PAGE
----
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Thread: Is SCAD a good school?
January 27th, 2012 #1Registered User
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Is SCAD a good school?
Recently I've been looking at art schools and I got accepted into SCAD and was offered a five-thousand dollar scholarship. I've heard a lot of positive things about SCAD, but I've also heard some negative things. I've heard and seen some talented SCAD students say they liked the school and got a lot out of it and that it was worth the money (not to mention seen some people who had friends who went to SCAD who ended up with some pretty good jobs in the art field), while some other former students said they made a mistake. Overall, it seems like I'm getting a "mixed bag" vibe depending on who I talk to.
Part of the reason I had my eyes on SCAD was because I heard they had a fantastic Sequential Arts program and they had ties to Marvel, DC, Dark Horse, etc. and helped you make connections and internships while teaching you a great deal (plus, I can't find many other schools in my current state that have sequential art programs like SCAD's).
I heard it can be very hard work, but since I'm going to be a transfer I can't really say that late-nights or spending hours upon hours working on difficult assignments is anything new to me. I am willing to work very hard to succeed and I know it won't be a walk in the park, but I just want to know if SCAD will be a good choice. I know it's an expensive school, but what is SCAD like now? Is the Sequential Art program worth it? I want to go, but the general vibe I'm getting is something along the lines of, "SCAD can be a really helpful place where you learn a lot but if you make a few wrong steps you can toast yourself."
And helpful comments would be greatly appreciated (also, I'm thinking of attending SCAD Savannah campus so any comments about that would be great as well).
Also, I've already heard stuff about buses constantly being late and parking being hell and crime, but that's not entirely new to me either. I really want to know if SCAD will help prepare students for a future in the art world and teach them what they really need to know while making connections (and, yes, I realize it is also up to students to determine how they will succeed and whatnot).
Hide this ad by registering as a memberFebruary 6th, 2012 #2Registered User
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I've been thinking of applying to SCAD for the Sequential Arts program myself. The difference for me is that It would be online, as I am not in a position to actually move and physically attend the school. Like you I've heard both good and bad about the school. I think it's going to come down to the personal commitment level you put into it. Like everything else, If you do enough to just get by, you will get an average response (in this case education). If you go all out and push yourself you will achieve better results. In the end it's not about the education, but the artwork you can create. Someone once told me "The portfolio is what will get you hired. The degree just shows the employers that you can finish something that you have started."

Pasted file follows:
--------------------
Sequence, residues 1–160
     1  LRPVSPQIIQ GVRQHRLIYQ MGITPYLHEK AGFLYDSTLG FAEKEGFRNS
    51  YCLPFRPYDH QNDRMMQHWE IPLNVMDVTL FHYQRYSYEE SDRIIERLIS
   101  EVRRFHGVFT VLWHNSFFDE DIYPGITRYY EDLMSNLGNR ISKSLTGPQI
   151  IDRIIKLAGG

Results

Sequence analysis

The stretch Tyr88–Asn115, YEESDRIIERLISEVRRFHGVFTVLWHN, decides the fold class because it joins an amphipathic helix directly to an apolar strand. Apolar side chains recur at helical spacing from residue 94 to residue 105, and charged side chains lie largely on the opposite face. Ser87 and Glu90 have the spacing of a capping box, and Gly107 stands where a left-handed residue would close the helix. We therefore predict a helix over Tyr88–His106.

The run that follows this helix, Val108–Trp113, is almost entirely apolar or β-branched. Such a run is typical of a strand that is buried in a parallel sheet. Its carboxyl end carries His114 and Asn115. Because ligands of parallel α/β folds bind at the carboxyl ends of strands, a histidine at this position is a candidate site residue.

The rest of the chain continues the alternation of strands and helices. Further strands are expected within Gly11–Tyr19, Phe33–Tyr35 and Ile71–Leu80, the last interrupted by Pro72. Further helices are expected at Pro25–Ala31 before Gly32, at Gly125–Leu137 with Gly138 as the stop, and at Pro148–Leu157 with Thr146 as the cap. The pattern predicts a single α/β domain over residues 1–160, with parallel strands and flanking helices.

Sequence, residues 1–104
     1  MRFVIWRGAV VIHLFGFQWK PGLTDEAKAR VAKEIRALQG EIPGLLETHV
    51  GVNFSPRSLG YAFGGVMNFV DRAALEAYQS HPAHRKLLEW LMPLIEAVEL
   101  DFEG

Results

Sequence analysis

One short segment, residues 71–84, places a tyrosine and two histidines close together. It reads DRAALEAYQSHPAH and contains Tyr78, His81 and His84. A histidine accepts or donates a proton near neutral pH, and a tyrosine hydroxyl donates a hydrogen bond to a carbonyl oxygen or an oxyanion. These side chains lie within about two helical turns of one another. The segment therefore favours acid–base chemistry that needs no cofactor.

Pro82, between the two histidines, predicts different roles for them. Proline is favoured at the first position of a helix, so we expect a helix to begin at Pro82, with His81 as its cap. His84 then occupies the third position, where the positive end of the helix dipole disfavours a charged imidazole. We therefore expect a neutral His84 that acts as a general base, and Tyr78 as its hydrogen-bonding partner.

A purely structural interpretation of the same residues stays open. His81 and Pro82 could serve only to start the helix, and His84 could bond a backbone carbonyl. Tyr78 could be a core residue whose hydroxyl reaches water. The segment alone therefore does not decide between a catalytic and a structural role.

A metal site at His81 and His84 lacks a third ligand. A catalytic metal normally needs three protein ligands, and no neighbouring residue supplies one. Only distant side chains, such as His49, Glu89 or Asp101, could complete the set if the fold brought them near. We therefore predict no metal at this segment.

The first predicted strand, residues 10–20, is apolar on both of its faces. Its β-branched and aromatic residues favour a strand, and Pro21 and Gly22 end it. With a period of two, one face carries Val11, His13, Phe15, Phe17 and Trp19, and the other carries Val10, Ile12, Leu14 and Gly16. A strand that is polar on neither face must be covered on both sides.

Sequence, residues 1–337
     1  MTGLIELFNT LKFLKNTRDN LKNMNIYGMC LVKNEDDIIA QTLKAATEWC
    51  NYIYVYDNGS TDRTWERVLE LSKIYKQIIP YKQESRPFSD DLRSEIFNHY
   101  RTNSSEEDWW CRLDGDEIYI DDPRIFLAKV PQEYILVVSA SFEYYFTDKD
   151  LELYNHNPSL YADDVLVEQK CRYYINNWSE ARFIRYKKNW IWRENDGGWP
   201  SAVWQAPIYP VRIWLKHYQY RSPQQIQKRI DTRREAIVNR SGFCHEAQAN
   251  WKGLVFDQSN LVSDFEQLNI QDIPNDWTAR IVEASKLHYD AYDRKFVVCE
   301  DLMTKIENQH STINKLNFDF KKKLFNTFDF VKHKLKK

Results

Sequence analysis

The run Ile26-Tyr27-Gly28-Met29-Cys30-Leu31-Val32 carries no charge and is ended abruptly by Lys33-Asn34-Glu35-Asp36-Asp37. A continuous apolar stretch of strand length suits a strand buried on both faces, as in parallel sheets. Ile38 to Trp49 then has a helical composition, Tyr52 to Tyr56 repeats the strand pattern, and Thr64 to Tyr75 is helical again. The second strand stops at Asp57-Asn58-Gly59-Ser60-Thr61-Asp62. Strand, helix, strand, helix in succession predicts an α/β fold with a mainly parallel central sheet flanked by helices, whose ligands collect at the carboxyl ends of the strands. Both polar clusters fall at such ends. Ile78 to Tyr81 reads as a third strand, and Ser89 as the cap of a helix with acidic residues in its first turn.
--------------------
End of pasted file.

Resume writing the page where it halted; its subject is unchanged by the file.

February 7th, 2012 #3
My situation is similar, though slightly different, than yours. I previously graduated with an undergraduate degree unrelated to art. If I were to pursue a formal education in art, one of the schools I would consider is SCAD. Yesterday I spoke with someone in admissions and after explaining my situation, they said I would be able to apply to either their undergraduate or graduate program.
This came as a surprise, though it shouldn't. If everything I was told could be taken at face value, it seems that if your portfolio is sufficiently strong, you could have a bachelors degree in animal husbandry, for all it mattered. Even then, you would still be a competitive candidate for their MFA program. It seems even for advancing the academic credential ladder, the portfolio trumps the degree.
How this applies to you is that the emphasis should definitely remain on building a strong portfolio, as dmccombs3 stated, and not the framed diploma. If you feel that SCAD can provide you with the mentors and tools necessary to reach new levels, then that's something promising. If you haven't had the opportunity but are able to do so, I would encourage you to visit the school and talk with students currently in the sequential art program. That visit could make or break the deal, rather quickly. Maybe you will find some students on the forums, hopefully! Hope this helps, though I know it probably wasn't the reply you were hoping for.